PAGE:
David Attenborough kept away from chicks during filming due to avian flu risk
ir David Attenborough was kept away from fledging chicks during filming for his new series after an infectious diseases expert warned a case of avian flu could be fatal for the 96-year-old.
Executive producer Alastair Fothergill made the decision after being told that while it was “extremely hard” for humans to catch the disease the consequences for Sir David could be serious.
Fothergill has worked with Sir David for more than 30 years on various flagship BBC series including The Blue Planet in 2001 and Planet Earth in 2006.
Their latest project, Wild Isles, highlights the British Isles and the challenges they face across five episodes.
One segment called for Sir David to be present while Manx shearwater chicks on Skomer Island off the Pembrokeshire coast of Wales left their underground burrows for the first time and took flight on a 6,000-mile migratory journey.
He said: “The shearwaters are not great at taking off, so what the warden on the island said is, ‘If you sit David close to the burrows, they will almost certainly climb up his arm onto his head and take off from his head,’ and we thought, ‘Wow, that could be TV gold.’ That was the plan.”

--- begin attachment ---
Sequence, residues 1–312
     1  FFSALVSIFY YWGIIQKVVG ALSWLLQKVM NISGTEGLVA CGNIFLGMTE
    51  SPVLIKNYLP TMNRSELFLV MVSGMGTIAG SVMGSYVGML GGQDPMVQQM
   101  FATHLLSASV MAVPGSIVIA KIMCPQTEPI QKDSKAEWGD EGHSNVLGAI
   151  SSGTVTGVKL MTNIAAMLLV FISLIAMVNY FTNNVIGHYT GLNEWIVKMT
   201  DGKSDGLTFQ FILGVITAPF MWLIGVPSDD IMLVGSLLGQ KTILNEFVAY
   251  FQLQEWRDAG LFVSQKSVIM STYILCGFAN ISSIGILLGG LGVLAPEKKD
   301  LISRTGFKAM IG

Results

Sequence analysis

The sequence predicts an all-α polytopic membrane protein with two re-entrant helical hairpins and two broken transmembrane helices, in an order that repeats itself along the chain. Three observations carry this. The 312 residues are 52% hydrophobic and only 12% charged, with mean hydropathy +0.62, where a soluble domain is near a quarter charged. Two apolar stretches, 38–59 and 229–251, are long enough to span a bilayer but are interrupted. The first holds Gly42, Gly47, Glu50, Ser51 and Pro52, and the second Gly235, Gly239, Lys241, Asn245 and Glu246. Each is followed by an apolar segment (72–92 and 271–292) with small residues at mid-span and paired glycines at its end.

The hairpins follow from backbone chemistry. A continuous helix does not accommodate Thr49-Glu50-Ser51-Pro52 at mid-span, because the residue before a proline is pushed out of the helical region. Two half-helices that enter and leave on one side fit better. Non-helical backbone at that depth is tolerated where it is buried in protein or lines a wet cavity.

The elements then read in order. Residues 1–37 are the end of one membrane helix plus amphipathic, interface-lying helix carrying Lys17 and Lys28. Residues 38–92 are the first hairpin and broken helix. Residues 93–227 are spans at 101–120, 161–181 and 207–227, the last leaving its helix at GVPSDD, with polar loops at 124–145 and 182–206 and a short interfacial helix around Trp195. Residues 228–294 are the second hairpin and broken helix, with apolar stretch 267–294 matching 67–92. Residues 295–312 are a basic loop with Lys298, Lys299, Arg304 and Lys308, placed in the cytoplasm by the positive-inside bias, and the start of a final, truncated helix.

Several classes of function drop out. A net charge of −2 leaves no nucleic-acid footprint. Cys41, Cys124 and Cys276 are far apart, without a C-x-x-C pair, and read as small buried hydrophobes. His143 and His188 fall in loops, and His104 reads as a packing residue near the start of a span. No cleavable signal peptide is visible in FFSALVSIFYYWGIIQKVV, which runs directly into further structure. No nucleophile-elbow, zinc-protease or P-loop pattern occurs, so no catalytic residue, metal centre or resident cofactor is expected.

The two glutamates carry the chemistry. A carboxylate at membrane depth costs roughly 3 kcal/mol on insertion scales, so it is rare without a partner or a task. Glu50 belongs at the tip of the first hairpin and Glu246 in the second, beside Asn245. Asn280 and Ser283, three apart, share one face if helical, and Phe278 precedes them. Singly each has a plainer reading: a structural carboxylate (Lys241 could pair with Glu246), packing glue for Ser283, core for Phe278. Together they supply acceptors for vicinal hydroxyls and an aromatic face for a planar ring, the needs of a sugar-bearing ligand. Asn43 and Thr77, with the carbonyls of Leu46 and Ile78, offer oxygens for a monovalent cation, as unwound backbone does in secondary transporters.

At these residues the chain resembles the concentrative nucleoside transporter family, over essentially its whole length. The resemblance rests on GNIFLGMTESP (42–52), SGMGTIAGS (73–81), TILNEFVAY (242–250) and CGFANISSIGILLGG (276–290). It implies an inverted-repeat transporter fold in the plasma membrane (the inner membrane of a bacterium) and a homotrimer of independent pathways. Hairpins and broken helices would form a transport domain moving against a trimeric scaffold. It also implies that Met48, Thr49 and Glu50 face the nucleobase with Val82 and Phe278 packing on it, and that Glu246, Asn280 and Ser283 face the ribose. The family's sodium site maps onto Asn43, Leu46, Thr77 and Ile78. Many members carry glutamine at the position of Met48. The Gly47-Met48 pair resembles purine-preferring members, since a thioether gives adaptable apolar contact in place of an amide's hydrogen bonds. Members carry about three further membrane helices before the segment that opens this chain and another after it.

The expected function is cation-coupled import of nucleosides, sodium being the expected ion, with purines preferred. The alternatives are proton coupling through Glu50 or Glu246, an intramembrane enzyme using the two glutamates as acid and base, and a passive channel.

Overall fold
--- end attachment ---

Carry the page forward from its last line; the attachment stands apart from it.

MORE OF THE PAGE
However, two weeks before filming was due to start reports emerged of avian flu on the neighbouring island of Grassholm, and could be present on Skomer.
Fothergill said: “I have an old friend who’s an expert on infectious diseases and I rang him up for his opinion.
“He said, ‘Well, bird flu is actually extremely hard to catch, but if he gets it he will die.’”
Fothergill decided to keep Sir David away from the chicks and instead used two infrared cameras to capture the moment – one facing Sir David and the other a boulder a few feet away from where they hoped the chicks would take flight.
The plan was successful, with Fothergill describing the final footage as like one of Sir David’s “classic” moments.
Avian flu is infecting wild bird populations across the globe and could potentially infect endangered species.
Read the full interview in Radio Times, out now. Episode One: Our Precious Isles will air on BBC One and iPlayer on March 12 at 7pm.